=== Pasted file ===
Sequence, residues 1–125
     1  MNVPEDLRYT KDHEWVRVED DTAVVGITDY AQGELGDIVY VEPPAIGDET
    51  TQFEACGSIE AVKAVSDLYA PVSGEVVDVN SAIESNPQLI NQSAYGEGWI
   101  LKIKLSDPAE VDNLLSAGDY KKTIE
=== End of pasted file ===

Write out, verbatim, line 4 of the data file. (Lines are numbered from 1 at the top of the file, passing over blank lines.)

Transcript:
   101  LKIKLSDPAE VDNLLSAGDY KKTIE